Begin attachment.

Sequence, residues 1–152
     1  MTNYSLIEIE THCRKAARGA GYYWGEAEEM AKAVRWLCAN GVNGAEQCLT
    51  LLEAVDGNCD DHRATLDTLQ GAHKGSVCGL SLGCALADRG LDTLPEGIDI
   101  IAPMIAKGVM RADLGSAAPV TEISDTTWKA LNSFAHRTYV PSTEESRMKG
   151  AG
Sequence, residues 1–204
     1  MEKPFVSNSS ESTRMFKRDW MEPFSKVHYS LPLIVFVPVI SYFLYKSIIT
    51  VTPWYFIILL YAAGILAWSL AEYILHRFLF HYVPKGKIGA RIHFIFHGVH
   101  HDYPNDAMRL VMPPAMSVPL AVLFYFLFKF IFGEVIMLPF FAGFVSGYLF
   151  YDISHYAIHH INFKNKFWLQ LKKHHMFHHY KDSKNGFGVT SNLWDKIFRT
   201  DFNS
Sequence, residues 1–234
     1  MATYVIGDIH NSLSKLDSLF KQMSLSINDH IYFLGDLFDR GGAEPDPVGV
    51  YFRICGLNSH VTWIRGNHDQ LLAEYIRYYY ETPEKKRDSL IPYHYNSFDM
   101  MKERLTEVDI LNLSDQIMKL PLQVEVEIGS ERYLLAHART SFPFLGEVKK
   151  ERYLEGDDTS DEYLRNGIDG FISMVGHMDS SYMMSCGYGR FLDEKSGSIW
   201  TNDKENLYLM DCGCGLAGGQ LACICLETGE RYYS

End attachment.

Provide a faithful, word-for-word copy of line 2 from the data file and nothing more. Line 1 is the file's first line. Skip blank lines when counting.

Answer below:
     1  MTNYSLIEIE THCRKAARGA GYYWGEAEEM AKAVRWLCAN GVNGAEQCLT